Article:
“So where you heading to for the break?” one of my fellow students asks me as our last lecture for the semester ends. “Coffee Bay,” I reply excitedly. “How are you getting there?” she enquires. I’m about to go on my first bus trip up the east coast of South Africa, and I would love her to tell me what to expect. “Bus,” I answer. “Oh….well good luck with that,” she smiles wryly as she slings her bag over her shoulder.
The bus I am taking is the Baz Bus, a hop-on hop-off, door-to-door bus service that covers more than 40 towns and cities around South Africa. Overnight stops, which can be booked as you travel, are in some 180 of the country’s best hostels and lodges, and the passengers are largely young foreign backpackers.
As a result of its following, Baz Bus has acquired a reputation as a bit of a party bus, especially as its main route up the east coast passes through a string of South Africa’s most famous beach resorts. Almost everyone I spoke to about the trip before undertaking it made it sound like it was one long raucous pub crawl. Just shy of my 36th birthday, I’m beginning to think I had bitten off more than I could chew!
With just one ticket, you can travel at your own pace getting on and off as often as you like en route. Baz Bus is all about convenience – so you can take a few weeks to travel around or a few months to really explore all that South Africa has to offer.
I am signed up for the route from Cape Town to Durban, via Port Elizabeth. Though I am exiting earlier at Umtata so I can make my way by shuttle to Coffee Bay – one of South Africa’s greatest treasures tucked away on a remote section of the Wild Coast.
Boarding the bus at 8am in Cape Town, my fellow passengers are about as lively as you’d expect at this time of the morning. But our driver is already excited about the trip ahead. Introducing himself he beams widely, “My name is Barry and I’m happy as Larry!”
The morning passes by fairly uneventfully – we all introduce ourselves and chat a little, without much zeal. Out of Cape Town, after a brief stop in Stellenbosch, we hug the N2, stopping in George to meet up with the Oudtshoorn shuttle bus before continuing the journey as it winds its way along the scenic Garden Route. With the heat proving a little stifling my fellow passengers and myself fall quiet. Some begin to read, others seize the opportunity to have a light snooze, while the rest of us settle back and watch a movie on the onboard video player.
“So Where you heading for the break?” on of my fellow students asks me as our last lecture for the semester ends. “Coffee Bay”, I reply excitedly. “How are you getting there” she enquires. I’m about to go on my first bus trip up the east coast of South Africa and I would love her to tell me what to expect. “Bus”, I answer. “Oh, well good luck with that,” she smiles wryly as she slings her bag over her shoulder.
The day’s end finds us in Port Elizabeth, otherwise known as the “Friendly City”, set on the shores of the beautiful Algoa Bay. That night, over a few beers at the hostel’s bar, I learn more about some of my fellow travellers – Matt, a Kiwi who has taken the year off to backpack around the world, Annie and Jeff, a young British couple coming to the end of their time in South Africa, and Leo, Marcus and Andre a group of soccer fanatics from Argentina. But as my new Argentinean friends burst into song for the fourth time in less than an hour I decide that it is time to call it a night and lob off to bed.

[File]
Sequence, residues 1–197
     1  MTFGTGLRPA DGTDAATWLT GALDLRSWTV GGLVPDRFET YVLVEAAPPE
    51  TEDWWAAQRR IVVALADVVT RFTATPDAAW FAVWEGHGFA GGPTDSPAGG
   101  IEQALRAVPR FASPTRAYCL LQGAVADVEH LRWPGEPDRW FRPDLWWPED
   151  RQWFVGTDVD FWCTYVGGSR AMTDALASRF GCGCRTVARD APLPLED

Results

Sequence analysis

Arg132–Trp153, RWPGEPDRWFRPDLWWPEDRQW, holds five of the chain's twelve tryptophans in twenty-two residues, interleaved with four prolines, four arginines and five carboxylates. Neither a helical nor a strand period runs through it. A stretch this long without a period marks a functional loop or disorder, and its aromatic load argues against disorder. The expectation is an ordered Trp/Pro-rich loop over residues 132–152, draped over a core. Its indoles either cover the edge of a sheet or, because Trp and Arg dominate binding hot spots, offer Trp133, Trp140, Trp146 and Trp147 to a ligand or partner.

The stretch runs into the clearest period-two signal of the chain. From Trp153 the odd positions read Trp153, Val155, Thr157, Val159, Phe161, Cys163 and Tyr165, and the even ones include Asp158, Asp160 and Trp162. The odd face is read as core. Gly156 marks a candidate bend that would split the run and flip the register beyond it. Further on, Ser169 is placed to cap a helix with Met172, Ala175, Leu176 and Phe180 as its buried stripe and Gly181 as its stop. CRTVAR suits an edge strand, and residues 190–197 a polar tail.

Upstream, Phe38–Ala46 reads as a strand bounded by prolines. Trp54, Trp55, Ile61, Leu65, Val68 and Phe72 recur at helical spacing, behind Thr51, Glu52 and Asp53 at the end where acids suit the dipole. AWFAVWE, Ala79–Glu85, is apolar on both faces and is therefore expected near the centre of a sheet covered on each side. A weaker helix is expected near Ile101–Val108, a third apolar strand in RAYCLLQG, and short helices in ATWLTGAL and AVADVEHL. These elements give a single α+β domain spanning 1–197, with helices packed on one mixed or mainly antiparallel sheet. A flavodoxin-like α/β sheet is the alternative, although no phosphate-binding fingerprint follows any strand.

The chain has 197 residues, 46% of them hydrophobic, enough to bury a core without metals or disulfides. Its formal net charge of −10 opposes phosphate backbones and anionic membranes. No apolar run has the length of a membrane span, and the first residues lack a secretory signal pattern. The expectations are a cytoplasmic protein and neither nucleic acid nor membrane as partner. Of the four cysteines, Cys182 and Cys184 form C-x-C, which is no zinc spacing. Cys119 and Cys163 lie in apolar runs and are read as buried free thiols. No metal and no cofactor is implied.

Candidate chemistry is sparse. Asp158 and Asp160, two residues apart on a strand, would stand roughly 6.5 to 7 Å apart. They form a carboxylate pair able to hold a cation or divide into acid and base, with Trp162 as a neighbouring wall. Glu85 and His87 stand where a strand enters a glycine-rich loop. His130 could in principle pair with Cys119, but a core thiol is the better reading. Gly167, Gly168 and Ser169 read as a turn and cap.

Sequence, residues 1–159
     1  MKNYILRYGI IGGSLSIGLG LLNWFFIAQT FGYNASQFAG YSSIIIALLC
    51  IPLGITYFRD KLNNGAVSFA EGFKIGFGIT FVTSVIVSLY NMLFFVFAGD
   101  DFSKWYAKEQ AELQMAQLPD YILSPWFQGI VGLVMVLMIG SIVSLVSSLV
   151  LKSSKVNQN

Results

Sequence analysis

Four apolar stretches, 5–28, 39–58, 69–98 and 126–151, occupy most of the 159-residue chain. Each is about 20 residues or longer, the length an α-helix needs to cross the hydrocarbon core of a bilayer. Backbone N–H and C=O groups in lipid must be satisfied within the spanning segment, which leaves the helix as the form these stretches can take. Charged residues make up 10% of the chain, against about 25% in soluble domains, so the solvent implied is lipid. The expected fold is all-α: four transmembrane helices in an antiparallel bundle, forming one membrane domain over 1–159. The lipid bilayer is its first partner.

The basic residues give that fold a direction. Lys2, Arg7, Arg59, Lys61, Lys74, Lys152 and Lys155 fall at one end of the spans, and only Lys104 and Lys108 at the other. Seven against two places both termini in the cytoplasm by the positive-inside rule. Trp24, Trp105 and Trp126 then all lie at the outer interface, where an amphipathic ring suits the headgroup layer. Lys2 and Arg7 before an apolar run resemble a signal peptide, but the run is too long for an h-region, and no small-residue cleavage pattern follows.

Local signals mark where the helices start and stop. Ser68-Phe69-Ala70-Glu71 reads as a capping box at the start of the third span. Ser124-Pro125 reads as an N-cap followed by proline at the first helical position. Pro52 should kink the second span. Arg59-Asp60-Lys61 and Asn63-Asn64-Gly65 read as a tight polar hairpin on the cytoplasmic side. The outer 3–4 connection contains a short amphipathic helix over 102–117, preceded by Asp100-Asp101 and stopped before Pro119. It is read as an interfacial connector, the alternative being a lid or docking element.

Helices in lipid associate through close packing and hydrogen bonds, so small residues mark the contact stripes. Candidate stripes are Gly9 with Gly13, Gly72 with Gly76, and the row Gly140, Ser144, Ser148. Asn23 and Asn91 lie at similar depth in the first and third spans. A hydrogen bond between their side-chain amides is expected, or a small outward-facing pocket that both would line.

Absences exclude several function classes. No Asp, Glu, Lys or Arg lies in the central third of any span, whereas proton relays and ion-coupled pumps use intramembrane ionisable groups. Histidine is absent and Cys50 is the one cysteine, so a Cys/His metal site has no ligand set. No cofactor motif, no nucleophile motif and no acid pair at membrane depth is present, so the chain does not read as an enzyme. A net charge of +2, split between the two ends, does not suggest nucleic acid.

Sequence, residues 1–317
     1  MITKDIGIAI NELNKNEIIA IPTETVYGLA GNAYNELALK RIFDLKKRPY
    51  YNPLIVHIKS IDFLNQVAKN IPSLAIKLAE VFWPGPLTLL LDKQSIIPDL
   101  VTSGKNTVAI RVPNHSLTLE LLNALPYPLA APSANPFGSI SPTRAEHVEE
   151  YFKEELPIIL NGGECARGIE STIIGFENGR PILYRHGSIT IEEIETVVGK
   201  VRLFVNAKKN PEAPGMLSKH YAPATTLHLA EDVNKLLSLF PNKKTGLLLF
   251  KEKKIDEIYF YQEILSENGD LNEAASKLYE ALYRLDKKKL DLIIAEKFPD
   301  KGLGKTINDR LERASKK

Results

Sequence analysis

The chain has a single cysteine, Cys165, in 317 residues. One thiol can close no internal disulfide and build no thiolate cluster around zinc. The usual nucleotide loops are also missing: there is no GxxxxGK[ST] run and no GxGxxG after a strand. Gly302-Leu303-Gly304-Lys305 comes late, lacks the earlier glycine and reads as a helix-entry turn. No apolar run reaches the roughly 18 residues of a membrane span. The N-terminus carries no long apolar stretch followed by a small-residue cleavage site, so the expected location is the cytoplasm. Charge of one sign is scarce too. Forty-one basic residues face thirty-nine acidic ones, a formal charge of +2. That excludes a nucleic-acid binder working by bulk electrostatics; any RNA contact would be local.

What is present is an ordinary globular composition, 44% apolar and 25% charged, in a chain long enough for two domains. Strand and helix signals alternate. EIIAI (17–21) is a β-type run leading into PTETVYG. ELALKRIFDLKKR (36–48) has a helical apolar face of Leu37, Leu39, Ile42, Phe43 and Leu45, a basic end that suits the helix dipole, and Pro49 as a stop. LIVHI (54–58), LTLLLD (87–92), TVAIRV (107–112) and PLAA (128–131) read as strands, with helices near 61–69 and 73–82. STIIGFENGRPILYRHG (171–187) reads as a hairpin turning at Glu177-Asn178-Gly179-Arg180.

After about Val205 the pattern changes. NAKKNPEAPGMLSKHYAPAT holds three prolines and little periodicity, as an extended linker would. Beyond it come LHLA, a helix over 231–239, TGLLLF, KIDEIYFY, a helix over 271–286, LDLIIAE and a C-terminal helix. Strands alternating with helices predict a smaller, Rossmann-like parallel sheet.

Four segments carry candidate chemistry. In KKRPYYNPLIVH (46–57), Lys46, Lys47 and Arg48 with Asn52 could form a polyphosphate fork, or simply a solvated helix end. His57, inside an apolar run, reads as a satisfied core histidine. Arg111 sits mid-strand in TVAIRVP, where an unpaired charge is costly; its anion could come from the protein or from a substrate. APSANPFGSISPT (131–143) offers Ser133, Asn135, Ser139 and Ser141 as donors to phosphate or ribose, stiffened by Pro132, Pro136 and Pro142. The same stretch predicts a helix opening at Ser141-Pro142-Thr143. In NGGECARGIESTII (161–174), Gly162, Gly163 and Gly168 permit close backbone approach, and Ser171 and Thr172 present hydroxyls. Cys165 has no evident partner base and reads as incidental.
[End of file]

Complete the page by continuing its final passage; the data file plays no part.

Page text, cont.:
The next day, we clamber back on board the bus and head out of Port Elizabeth towards the coastal town of East London. After a quick break for lunch we’re off again slowly snaking our way into the heart of the forbidding old Ciskei, one of South Africa’s 10 former homelands.
A couple of hours later, after a highly animated game of gin rummy, we cross the Great Kei River and enter Transkei – another former homeland, though, more renowned as the home of the nation’s greatest living legend, former president Nelson Mandela. Here we stop to take in the view and click off a few snaps. Not long after we pull in to the Ultra City and I realise with some regret that we have arrived at Umtata.
It’s not long, however, before we are back on the coast. And as the temperature drops, our spirits begin to rise. The cards soon come out and with the ice now broken the games begin. By now we’ve already lost several of the passengers who started in Cape Town. But, as we draw out of Jeffery’s Bay we’ve gained some new recruits who are eager to join in the fun.
In my short time on the bus, I’ve made new friends and had loads of fun. But that’s the Baz Bus philosophy and the drivers will happily help you find the fun you are looking for: Be that taking the ultimate leap of faith and bungee jumping off the Bloukrans River Bridge, riding an ostrich in the Klein Karoo or spying the big 5 on a game drive, you’ll find all the information you need on board.
At the beginning of the trip, one of my fellow travellers commented, “Baz Bus is what it is.” It’s not for hardened world weary travellers, nor for anyone who takes themselves seriously. It is simply a safe, convenient bus service following a very well-trodden route. But for lone travellers keen to find their feet or anyone wanting to have fun and share their experiences then this is the ride you are looking for. After all, as some wise person once said, it’s not the destination that counts but how you got there that matters!
When I finally make it back to Cape Town I run into my friend and fill her in on my adventures. “So where are you heading to during the next break?” she asks casually. “Swaziland” I reply. She raises an eyebrow knowingly, “And how are you getting there?”.…. “Baz Bus!” I smile.